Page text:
By Robert Erickson, ’18
MIDDLEBURY, Vt. – As rain pounded against the roof of the Kirk Center last Friday, poetry enthusiasts packed the main conference room for the first-ever Poetry Free for All, an event cosponsored by the Bread Loaf School of English, the Bread Loaf Writers’ Conferences, the Middlebury Language Schools, and the New England Review. Together, the audience and writers explored the question of the evening—“Who do we want to be?”—pondering meaning, shape, and direction within the Middlebury community and exploring how those values stand against the complexities of a rapidly changing world.
The audience had a chance to hear Middlebury President Laurie L. Patton, an accomplished poet with two published collections to her credit, speak alongside Reverend Barnaby Feder, the leader and minister of the Champlain Valley Unitarian Universalist Society. They listened to Spanish poetry delivered by a cohort of professors from the Spanish School; original Navajo poetry presented by Rex Lee Jim, former vice president of the Navajo Nation, veteran poets like Martín Espada and Lauren Marie Schmidt, and young, bold voices like Taylor Abasta, a high schooler from Arizona, and Dariana Guerrero, a student at the Bread Loaf School of English.
The emcee for the evening, former Welsh Poet Laureate and Bread Loaf professor Gwyneth Lewis, gave a few brief opening remarks to explain the motivation behind the event. She emphasized the power of poetry to “reimagine our values and how we want to live,” and praised the event’s organizers for using art as “a way of summoning a community” of writers, readers, and listeners who, in turn, would participate in the continuous reimagining of that society as it moves forward. Two weeks prior, Lewis had put out a call for poetry submissions to the greater Middlebury community, from which a group of Bread Loaf professors and students had selected a group of poets to perform their own work along with poems from authors who had influenced them.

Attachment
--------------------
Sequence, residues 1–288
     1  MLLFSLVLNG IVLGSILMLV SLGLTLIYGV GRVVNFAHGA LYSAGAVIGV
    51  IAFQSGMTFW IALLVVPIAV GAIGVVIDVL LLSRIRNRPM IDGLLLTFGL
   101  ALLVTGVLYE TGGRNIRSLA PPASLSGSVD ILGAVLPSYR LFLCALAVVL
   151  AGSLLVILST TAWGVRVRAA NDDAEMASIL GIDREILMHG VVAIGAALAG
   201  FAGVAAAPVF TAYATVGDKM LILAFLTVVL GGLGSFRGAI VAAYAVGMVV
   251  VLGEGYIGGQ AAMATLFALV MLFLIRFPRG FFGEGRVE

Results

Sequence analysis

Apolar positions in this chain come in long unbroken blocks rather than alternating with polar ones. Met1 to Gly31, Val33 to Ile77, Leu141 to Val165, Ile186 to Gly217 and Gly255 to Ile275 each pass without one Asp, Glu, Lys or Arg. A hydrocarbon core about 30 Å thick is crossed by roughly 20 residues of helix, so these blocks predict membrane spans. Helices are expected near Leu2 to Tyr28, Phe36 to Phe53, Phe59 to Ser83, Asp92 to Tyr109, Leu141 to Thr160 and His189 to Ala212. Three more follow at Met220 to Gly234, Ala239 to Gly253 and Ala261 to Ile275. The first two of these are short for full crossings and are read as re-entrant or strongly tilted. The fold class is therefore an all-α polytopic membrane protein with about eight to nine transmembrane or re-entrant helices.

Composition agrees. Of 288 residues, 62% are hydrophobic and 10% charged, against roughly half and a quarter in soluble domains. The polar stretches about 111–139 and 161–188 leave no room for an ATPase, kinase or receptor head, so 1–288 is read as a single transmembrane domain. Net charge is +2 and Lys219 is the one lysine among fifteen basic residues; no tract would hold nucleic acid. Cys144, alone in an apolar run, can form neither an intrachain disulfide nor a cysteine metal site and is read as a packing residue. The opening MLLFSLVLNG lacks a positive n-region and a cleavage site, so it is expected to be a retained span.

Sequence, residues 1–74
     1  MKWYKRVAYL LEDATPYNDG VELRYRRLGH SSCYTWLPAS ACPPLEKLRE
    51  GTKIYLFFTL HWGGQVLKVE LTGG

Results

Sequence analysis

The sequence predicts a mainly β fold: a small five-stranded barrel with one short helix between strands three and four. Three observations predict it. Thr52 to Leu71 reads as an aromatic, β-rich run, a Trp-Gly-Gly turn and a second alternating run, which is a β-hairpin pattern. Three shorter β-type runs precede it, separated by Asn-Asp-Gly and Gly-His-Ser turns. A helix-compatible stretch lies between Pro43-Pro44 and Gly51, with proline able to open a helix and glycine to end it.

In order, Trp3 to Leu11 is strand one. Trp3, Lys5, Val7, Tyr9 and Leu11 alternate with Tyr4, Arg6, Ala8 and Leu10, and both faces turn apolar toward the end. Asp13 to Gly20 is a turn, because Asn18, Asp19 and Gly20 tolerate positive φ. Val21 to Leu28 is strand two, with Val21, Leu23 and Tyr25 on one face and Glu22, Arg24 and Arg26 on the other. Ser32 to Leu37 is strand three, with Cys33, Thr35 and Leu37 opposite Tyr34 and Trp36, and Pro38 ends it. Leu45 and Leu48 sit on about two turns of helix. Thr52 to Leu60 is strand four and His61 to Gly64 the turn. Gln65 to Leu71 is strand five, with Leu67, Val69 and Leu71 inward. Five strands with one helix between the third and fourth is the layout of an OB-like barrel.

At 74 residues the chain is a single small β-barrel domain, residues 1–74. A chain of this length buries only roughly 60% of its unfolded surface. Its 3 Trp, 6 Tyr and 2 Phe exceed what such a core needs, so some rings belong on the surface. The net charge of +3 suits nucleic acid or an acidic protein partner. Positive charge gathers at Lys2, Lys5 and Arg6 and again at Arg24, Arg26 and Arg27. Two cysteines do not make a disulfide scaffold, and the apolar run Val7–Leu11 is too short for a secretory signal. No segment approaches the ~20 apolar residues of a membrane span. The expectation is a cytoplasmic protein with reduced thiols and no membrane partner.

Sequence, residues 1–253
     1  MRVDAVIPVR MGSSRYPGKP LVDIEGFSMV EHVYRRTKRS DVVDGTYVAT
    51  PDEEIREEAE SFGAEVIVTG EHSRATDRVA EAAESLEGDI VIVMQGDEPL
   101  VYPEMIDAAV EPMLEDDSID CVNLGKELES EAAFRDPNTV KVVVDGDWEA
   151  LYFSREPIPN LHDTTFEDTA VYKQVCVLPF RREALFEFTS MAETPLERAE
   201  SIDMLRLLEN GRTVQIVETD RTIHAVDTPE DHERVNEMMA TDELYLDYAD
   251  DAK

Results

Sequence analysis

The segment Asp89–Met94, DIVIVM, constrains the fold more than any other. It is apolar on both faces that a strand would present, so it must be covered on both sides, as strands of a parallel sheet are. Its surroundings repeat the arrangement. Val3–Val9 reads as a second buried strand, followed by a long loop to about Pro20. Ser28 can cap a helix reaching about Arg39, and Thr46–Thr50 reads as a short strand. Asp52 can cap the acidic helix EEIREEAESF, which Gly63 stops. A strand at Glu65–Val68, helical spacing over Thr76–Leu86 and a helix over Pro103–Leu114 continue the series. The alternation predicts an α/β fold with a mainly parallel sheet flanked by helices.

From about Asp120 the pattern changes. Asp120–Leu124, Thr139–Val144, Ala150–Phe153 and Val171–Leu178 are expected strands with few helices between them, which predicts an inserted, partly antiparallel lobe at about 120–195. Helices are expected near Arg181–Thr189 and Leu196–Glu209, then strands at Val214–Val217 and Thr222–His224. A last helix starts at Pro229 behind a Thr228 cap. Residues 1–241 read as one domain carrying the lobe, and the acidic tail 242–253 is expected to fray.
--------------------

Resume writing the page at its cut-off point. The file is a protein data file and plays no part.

The poets selected from the general pool shared the stage with a variety of artists who had been specifically invited for the event. Patton read three of her own pieces and was followed by Lauren Marie Schmidt, whose work reflected upon her experience leading a volunteer poetry group in a shelter. Then came the first group of poets selected from the submission pool: Partridge Boswell, Laura Budofksy Wisniewski (read by Barbara Diehl), Stefanie Cravedi, and Jack DesBois ’15.5.
The Spanish School contingent read next, comprised of Francisco Fayna Ranz, Pedro Ángel Palou, and Jacobo Sefami. The three delivered their poems in Spanish before English translations were read aloud for the benefit of the audience. The second group of “at-large” poets followed, including Trish Dougherty, Rev. Feder, Caitlin Gildrien, and Matthew Haughton.
Then, the celebrated Martín Espada took the stage. In a booming, resonant voice, he shared a series of poems that, as he explained, sought “to make the invisible, visible.”
Rounding off the evening were two more groups of poets, including Jack Mayer, Adam Tedesco, and Marian Willmott, followed by Bread Loaf Teacher Network members Rex Lee Jim, Taylor Abasta, and Dariana Guerrero. With rich, lively recitations incorporating timeless traditions as well as modern-day questions, they reminded the audience of poetry’s power to lift and unite voices from every section of society.
Photo by Todd Balfour.